Guys, guys, guys! I've just broken a six-week stint of not buying any sewing stuff! I'm pretty proud of this, and had to finally break the fast for new needles and thread. I have some gift sewing due as well, for which I'm missing some fabric. Off to Raystitch...
Anyway, the breaking of this fabric fast has been a good time to round up some mending and reworking I've been doing over the past few months. It's an odd conflict between the refashioning/alterations world and the make-from-scratch world. I personally still think refashioning is an alien concept, and am sure I'm not alone in prefering to make new things from a rectangle of fabric. I like my new pristine fabric and my carefully chosen matching, functional notions.
Generally in the RTW world, there's a bit of a stigma around repairs and mending. When something's broken, you believe it's unfixable and you throw it away. There's an interesting segment on an old episode of The Forum, the Sixty-Second Idea to make mending an artform,which sticks in my head. Namely for how this idea translates into the self-sewn world: why repair my project when I can make it anew?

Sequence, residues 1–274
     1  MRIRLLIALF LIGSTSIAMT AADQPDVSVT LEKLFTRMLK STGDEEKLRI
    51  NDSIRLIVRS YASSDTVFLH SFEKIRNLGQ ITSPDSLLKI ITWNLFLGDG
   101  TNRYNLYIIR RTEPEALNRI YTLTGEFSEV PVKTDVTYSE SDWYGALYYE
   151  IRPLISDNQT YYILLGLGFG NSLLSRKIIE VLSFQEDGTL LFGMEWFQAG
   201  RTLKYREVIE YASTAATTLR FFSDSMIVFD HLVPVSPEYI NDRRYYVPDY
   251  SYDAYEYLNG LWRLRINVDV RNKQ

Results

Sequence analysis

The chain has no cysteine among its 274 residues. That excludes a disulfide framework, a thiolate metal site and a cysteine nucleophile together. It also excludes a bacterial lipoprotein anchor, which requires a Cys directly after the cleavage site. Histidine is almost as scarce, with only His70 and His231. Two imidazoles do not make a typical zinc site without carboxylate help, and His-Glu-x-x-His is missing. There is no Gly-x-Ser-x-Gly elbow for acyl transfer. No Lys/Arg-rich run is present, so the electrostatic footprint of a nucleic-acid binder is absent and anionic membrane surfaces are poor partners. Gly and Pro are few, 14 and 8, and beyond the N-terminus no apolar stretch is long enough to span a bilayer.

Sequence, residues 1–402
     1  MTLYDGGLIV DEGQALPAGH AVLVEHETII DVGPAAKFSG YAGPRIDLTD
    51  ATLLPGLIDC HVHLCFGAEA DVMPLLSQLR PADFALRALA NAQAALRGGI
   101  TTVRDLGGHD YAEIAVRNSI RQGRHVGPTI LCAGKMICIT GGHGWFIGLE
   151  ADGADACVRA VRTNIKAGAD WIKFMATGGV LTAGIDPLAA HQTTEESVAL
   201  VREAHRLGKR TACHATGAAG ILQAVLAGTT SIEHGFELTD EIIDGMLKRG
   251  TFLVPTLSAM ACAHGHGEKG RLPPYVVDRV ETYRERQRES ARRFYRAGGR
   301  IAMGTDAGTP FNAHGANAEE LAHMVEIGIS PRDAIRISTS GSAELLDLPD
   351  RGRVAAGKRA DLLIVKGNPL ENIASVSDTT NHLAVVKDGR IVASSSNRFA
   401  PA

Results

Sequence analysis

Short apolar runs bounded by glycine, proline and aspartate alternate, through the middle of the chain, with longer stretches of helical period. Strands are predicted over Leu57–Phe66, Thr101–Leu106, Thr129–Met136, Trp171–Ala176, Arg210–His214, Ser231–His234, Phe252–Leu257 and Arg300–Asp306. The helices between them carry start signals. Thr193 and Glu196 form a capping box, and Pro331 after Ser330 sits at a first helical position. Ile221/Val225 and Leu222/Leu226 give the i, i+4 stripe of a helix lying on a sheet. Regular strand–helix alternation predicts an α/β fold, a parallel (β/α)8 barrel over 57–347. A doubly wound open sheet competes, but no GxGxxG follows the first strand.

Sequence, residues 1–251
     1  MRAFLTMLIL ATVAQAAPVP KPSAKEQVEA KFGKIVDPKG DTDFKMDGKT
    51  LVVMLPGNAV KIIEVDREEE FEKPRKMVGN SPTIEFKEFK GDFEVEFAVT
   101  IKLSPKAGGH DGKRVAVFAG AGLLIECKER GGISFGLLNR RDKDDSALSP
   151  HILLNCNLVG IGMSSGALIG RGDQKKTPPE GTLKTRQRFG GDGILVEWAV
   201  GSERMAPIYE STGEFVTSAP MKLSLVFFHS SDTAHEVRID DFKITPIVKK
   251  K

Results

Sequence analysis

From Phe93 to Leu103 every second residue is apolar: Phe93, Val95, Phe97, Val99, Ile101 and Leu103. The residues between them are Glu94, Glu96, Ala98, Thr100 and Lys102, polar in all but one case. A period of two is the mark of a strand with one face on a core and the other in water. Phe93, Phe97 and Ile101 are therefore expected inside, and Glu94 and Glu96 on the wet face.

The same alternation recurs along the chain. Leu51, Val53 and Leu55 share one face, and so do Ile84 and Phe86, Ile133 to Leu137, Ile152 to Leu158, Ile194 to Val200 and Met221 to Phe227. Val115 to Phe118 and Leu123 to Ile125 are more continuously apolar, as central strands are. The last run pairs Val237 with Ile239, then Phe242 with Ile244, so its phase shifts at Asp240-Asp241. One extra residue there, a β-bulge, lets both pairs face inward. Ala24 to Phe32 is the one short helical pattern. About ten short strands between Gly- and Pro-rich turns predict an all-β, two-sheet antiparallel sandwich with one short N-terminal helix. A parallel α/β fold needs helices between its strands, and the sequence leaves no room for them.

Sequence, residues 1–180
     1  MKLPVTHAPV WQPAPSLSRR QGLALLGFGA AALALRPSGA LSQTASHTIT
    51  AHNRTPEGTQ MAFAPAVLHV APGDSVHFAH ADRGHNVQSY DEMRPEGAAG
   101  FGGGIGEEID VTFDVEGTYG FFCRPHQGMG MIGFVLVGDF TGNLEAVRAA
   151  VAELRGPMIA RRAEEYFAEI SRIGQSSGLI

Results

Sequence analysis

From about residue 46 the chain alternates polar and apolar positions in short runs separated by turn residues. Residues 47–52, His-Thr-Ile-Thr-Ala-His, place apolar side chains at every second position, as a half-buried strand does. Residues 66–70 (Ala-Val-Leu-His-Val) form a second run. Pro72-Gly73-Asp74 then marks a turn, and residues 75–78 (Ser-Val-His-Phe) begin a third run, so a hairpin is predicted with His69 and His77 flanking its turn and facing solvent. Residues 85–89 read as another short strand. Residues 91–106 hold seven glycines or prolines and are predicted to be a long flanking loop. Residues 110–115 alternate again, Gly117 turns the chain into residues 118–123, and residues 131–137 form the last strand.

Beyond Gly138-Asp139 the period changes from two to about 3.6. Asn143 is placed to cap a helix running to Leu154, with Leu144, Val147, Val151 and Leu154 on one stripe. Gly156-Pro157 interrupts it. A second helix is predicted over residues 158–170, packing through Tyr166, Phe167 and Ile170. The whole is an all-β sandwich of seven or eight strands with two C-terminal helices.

Actually, it's almost like a time capsule. You see whether you were thinking straight, whether you were in a rush, what types of materials you liked, the colours of threads you used.
I have been repairing and remaking a few things recently. B's bag was
showing some stress on the edges so they got reinforced.
I lengthened my black zig-zag trousers and had to totally reopen my green trousers to make more room for my backside. Yes, I actually went back and fixed them and now have a wearable pair of trousers! And the button doesn't pop off!
The no-face policy in these pctures is because there's a towel on my head...
My Long Way Back Home messenger bag fell apart quite quickly once it was made. The outer fabric was a
medium-weight dress linen. It couldn't stand up to daily abuse, despite
interfacing etc. So I finally took the whole thing apart and replaced
the outer fabric. To be honest, it was a real chore. Repairing something
you've made is fine enough, particularly if you did a shoddy job in the
first place, but because the textiles aged unexpectedly? That's
heartbreaking. (In good faith I did everything right the first time!) But it's fixed and I
still don't like the new version as much as the old one. Ah well.
Anyway,I have oodles of projects and drafts to be getting on with. I may even share the results of breaking my fabric fast with you. It's shameful, but hey...we all like pretty fabric don't we?